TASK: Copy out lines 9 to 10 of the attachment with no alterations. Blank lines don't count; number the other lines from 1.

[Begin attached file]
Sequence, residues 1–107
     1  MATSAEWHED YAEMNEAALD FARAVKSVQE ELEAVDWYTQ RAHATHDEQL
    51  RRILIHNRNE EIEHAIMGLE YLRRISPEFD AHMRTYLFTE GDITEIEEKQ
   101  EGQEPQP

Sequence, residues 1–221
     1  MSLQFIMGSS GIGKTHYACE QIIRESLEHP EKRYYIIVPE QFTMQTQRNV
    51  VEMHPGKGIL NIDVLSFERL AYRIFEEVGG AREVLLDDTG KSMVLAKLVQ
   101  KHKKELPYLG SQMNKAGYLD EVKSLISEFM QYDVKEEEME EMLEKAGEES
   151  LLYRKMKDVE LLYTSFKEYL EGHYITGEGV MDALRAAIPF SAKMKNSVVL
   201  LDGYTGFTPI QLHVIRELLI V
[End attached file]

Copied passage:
   151  LLYRKMKDVE LLYTSFKEYL EGHYITGEGV MDALRAAIPF SAKMKNSVVL
   201  LDGYTGFTPI QLHVIRELLI V